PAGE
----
I first saw Notre-Dame in 1979, and it was the first Gothic cathedral I had ever seen.
Houston, where I lived then, wasn’t known for Gothic architecture. Moscow had only one, quite ugly, late-Gothic church, and even that had been converted to a recording studio. And my interest in Our Lady was at the time purely academic, which is to say tepid at best.
It so happened that in the evening of the same day the magnificent German organist Karl Richter was playing Bach at Notre-Dame, and my interest in both Bach and Richter (whose harpsichord performances I had heard at Moscow Conservatory) was closer to febrile than tepid.
There I sat for three hours, listening to music by the greatest composer played by the greatest organist in the greatest cathedral. That was as close to ecstasy as I had ever come – the combination shook me up, and at first I thought the effect was purely aesthetic. Yet the next day I realised it wasn’t that, at least not just that.
I’ve never had just one mystical, Damascene event that would open my eyes on the spot. Rather my road to Christianity was long and meandering, and it was cumulatively signposted by many experiences. But if I had to single out the most powerful one, that was it.
Since then I’ve visited most of the great cathedrals of Christendom, and a few of them are probably as glorious as Notre-Dame, some perhaps even more so. But none has come close to usurping the special place Notre-Dame claimed in my life.
How many others could tell similar stories? Thousands? Definitely. Millions? Probably. Tens of millions? Possibly.
For Notre-Dame, Our Lady of Paris, has stood, nay towered, for 850 years. It took a hundred years to build, from the mid-twelfth to the mid-thirteenth centuries.
As with all great cathedrals built at the time, some of the funding came from the Church, some from wealthy patrons – and much of it from private worshippers, many of them impoverished, who each donated what he could, if only a small brass coin or two. Most of them weren’t interested in French Gothic architecture. All of them adored Our Lady.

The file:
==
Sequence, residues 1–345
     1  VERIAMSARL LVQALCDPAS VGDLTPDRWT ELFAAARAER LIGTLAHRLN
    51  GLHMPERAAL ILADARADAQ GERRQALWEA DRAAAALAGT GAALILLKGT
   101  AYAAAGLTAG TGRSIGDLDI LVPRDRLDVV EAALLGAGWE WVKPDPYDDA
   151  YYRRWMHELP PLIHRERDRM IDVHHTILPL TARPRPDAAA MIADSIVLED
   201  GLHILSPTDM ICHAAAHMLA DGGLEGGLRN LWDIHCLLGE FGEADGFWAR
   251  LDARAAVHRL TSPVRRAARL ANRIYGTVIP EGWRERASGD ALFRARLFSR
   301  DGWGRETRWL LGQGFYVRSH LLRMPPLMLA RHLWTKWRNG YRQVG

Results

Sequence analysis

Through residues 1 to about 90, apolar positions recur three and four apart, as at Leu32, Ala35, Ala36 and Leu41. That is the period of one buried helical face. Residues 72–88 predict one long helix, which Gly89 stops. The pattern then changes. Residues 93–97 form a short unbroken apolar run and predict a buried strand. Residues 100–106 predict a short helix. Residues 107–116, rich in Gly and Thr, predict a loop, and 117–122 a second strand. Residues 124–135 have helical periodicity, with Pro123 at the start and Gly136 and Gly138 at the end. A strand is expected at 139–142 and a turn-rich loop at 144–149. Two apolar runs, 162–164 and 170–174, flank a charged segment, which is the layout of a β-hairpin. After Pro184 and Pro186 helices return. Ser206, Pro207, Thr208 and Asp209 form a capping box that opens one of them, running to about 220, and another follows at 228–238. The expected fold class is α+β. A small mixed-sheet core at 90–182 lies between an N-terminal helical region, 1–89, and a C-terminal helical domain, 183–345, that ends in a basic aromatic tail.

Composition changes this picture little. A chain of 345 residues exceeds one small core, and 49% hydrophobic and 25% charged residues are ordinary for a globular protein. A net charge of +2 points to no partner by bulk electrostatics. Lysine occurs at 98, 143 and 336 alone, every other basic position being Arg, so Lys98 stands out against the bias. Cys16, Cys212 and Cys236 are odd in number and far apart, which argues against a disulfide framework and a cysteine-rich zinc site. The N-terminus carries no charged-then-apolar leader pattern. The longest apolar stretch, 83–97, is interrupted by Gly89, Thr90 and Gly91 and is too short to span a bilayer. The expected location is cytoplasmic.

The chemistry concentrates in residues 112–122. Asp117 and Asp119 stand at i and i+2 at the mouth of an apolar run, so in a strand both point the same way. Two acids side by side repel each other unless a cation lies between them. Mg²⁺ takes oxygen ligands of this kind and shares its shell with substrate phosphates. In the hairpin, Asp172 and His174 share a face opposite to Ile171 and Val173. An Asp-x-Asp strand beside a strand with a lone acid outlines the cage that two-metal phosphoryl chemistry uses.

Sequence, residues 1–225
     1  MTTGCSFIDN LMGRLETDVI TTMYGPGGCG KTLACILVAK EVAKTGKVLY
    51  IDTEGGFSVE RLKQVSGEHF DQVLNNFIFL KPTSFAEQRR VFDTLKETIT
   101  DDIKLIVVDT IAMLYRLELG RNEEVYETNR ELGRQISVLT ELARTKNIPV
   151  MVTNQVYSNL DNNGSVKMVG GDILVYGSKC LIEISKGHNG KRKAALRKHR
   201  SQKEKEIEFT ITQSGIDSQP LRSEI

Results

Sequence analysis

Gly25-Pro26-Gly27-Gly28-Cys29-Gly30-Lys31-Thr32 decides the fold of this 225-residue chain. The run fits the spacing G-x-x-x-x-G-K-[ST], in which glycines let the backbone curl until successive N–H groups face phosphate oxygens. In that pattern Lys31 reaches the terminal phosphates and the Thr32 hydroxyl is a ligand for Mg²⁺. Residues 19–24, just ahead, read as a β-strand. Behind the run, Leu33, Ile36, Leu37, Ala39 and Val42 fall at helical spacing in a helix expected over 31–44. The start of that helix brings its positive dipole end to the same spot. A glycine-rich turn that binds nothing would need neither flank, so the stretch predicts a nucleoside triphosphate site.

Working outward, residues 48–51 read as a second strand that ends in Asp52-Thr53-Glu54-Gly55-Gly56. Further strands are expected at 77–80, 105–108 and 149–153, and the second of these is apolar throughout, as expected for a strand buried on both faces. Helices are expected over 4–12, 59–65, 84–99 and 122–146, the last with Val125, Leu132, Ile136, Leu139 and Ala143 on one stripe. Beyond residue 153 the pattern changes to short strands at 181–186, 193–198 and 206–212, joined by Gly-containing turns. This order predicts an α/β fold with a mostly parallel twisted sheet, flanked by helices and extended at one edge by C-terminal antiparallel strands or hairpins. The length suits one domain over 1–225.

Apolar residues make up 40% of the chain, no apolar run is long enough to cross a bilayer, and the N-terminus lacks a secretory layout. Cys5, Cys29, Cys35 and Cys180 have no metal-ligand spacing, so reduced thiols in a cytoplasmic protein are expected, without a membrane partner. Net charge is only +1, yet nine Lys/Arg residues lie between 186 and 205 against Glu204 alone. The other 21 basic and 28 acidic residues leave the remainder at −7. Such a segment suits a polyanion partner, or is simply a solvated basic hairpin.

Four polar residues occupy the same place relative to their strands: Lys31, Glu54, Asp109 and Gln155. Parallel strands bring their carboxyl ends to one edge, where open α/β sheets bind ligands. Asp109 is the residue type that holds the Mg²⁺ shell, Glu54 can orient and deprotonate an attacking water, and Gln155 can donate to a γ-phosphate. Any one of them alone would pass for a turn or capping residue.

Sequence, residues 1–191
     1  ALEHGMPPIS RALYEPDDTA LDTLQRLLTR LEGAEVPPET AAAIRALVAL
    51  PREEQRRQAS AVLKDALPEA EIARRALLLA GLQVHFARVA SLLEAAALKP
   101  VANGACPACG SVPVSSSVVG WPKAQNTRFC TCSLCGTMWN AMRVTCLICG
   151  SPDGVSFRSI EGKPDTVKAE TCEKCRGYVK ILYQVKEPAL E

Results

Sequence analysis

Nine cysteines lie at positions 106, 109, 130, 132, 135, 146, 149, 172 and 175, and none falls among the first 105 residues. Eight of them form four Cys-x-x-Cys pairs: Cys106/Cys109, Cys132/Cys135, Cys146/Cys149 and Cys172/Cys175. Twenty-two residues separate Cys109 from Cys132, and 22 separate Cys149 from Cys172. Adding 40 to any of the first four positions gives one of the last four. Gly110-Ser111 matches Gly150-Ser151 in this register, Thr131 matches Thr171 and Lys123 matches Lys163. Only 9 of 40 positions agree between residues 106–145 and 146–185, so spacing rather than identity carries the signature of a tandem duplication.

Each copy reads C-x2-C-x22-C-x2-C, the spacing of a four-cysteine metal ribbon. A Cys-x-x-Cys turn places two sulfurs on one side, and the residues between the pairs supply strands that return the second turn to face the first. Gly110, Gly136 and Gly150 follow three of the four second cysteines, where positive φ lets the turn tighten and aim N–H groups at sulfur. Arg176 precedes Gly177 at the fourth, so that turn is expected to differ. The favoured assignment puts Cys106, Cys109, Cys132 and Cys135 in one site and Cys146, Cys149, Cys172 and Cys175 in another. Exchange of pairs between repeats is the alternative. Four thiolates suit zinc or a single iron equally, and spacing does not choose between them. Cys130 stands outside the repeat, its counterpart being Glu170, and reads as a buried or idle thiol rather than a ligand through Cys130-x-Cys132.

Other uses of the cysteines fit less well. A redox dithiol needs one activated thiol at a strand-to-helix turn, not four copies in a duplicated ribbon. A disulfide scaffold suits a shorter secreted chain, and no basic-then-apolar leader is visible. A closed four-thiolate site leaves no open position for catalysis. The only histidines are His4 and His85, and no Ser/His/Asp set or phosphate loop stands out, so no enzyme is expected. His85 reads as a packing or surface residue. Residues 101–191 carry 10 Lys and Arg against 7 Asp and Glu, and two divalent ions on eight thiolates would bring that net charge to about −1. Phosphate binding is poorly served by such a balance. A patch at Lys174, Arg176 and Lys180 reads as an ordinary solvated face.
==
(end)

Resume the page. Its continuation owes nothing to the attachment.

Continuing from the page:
The Lady suffered through the ages, and how she suffered. Modernity was adumbrated by the Huguenots who expressed their urgent need to obliterate – sorry, I mean to reform – Christianity by destroying and vandalising its ancient shrines. Notre-Dame was bruised and vandalised, but it wasn’t destroyed. Our Lady still stood.
In 1793, when modernity was in full swing, and cannibalistic revolutionaries were murdering thousands of people and devastating hundreds of churches, Notre-Dame was rededicated to the Cult of Reason and then to the Cult of the Supreme Being.
Intoxicated by their love of reason, the ghouls caused untold damage to Notre-Dame. Many of its treasures were vandalised or stolen. The 28 statues of biblical kings were mistaken by those champions of reason for French kings and summarily destroyed. As were all the big statues on the main façade, except that of the Virgin herself.
Those reasonable ghouls took their revenge on Our Lady by replacing her on several altars with the Goddess of Liberty, and then – as a taste of things to come in the Soviet Union – converting the cathedral to a warehouse.